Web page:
Folks who work in the airline industry cannot differ from the population in general in terms of their proclivity toward mendacity. Yet, as every air traveler understands from repeated experience, stewardesses/stewards, pilots and check-in folks at airlines lie over and over again in their arrival and departure communications. They do not tell the truth — instead, they always — always — exaggerate what is possible into expressions of the probable and the spin is unidirectional: it’s always the most optimistic possible.
This is institutional, not personal. Grant airline folks this: they must communicate within a complicated context of air traffic control, equipment and personnel readiness, and customer service guidelines. Not to mention the stress that most regular travelers feel — and that the airline folks must feel themselves.
Airlines, however, are not unique in institutional mendacity. As is made extraordinarily clear in Daniel Ellsberg’s Secrets: A Memoir of Vietnam and the Pentagon Papers, so is the insitution of the presidency when it comes to foreign policy.
His book recounts the institutional pressures that make it prohibitive for presidents to even consider options that might be construed as ‘losing’ — in the history recounted in his book, ‘losing Vietnam’. Truman, Eisenhower, Kennedy, Johnson and Nixon all demonstrated that this institutional defect was bipartisan. It was a disease that infected Democrats and Republicans, men of reasonable honor and intellegence as well as the reverse.
Ellsberg’s tale, among many other things, conveys how essential it is for other branches of government as well as the press to do their job if our nation and the world are to be spared the costs of this institutional mendacity. His book is terrifically well written — it’s like a thriller yet better because it’s nonfiction.
As you might expect, the book is a record of our experience in Vietnam. Yet, while Ellsberg never mentions anything beyond 1974, the book is also a preview of Iraq, Afghanistan and the war on terror. Every mendacious act of the presidency has been replayed — right down to last week’s visit to Baghdad and the Rovian inspired political messages now being echoed by a press and Congress yet to wake up to their Constitutional responsibilities.
And it is this last point that makes the final paragraph in Ellsberg’s book so devastatingly tragic. Having wrapped up his story with the indictments and resignations of the key players in the Nixon administration (including Nixon himself) — all of whom conspired actively to lie their way toward a policy far beyond what the public wanted or a functioning democracy and rule of law would have permitted — Ellberg writes :
“What we had come back to was a democratic republic — not an elected monarchy — a government under law, with Congress, the courts, and the press functioning to curtail executive abuses, as our Constitution envisioned. Moreover, for the first time in this or any country the legislature was casting its whole vote against an ongoing presidential war. It was reclaiming, through its control of the purse, the war power it had fecklessly delegated nine years earlier. Congress was stopping the bombing, and the war was going to end.”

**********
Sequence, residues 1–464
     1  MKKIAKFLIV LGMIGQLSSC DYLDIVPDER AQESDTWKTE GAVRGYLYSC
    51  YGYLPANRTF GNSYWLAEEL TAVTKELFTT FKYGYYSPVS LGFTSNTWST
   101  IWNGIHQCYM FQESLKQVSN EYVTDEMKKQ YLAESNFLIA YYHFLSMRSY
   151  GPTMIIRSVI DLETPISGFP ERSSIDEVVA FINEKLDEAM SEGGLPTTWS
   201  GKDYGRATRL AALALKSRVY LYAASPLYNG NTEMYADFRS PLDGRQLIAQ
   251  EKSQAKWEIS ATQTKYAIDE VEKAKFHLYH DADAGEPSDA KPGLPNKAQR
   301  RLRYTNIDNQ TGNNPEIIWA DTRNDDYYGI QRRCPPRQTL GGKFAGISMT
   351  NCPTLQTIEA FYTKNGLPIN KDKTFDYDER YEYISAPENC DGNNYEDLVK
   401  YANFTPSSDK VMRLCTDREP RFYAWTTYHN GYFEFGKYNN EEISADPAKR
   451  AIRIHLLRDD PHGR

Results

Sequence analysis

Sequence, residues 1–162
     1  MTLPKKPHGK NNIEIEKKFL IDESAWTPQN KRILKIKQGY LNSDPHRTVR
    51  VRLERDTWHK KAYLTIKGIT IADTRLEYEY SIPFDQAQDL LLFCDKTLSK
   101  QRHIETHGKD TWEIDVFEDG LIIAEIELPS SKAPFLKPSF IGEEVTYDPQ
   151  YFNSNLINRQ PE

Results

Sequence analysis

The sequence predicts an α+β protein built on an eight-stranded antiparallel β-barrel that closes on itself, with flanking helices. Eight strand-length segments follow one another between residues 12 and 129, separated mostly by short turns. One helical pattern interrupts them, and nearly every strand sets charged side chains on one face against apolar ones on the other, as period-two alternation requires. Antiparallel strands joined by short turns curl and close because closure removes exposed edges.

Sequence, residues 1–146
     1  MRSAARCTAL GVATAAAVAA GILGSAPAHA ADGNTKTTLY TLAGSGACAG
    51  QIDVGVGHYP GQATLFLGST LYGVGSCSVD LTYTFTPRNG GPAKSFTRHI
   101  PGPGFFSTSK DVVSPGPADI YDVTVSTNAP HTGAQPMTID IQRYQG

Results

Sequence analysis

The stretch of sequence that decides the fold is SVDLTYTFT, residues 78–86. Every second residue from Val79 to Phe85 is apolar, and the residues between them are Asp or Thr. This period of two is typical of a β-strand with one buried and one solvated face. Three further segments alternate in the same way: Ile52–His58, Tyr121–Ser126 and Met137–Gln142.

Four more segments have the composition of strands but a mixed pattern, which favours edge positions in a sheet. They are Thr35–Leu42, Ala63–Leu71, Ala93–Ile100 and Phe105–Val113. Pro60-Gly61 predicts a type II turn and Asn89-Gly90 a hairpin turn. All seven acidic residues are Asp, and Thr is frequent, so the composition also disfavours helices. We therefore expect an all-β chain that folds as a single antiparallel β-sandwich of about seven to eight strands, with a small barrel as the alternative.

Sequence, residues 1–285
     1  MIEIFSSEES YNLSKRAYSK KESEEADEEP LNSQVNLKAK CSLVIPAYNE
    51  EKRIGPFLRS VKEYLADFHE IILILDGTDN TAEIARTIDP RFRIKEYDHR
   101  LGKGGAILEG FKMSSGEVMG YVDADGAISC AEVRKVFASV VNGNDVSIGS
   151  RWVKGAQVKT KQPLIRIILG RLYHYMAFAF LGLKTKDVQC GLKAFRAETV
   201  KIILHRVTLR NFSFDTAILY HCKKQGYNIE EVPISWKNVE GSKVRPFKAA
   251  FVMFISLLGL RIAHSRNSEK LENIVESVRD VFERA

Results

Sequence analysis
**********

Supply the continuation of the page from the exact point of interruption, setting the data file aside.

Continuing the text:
We are now approaching four years since Congress fecklessly handed over the war power to the Bush Administration and nearly as long since Bush — and his team — embraced the institutional mendacity of the highest office in our land to commit the lives, honor, treasury and fate of our nation to three wars — Afghanistan, Iraq and terror. There have been more than 20,000 U.S. and hundreds of thousands of non-U.S casualties to date along with hundreds of billions of dollars spent. The ‘brand’ of the United States is linked to torture, unilateral war, and the rule of personality over the rule of law — causing hundreds of millions of people both at home and abroad to live in fear of the Bush Administration.
For some time now, the popular press has bandied about the question: Is Iraq another Vietnam? Remember that the feckless press fought hard against this idea for years — editorial boards censured anyone who suggested the word ‘quagmire’ — and politicians who dared to utter it knew they were risking the Big Smear from Bush, Cheney and others.
What’s fascinating about the Ellsberg book, though, is how it portrays something far more profound than this. Yes, Vietnam and Iraq bear many resemblences (and, some important differences: for example, Vietnam from the mid-1940s through to our exit was a battle for national independence while Iraq has always had about it — even under Sadaam — the barely suppresed conflicts more akin to civil war).
But, what’s far more critical than the resemblences of the actual conflicts is the direct, straight-line identical institutional defect that contributes to situations like Vietnam and Iraq. Same institutional defect; different players.
The Presidency itself is broken in this regard. And, what is terribly worse, the insitutional mendacity that Truman through Nixon parlayed into national tragedy in foreign affairs has metasticized into reigning policy in all matters: economics, emergency management, science, the environment, the separation of powers, judiciary appointments, the Constitution, the rule of law, elections, civil rights and more.
Ellsberg recounts the famous line of John Dean that ‘there’s a cancer on the presidency’. With the expansion of institutional mendacity to domestic as well as foreign affairs, we now live in an age where the presidency itself is a cancer on our nation.
Notwithstanding the Bush Administration’s broad gauged criminal assault on it, however, the Contstitution — and the institutions it set up to deal with monarchial tendencies in the executive — can still act to protect our democratic republic.
But, to do so, the human beings in those institutions must stop being feckless.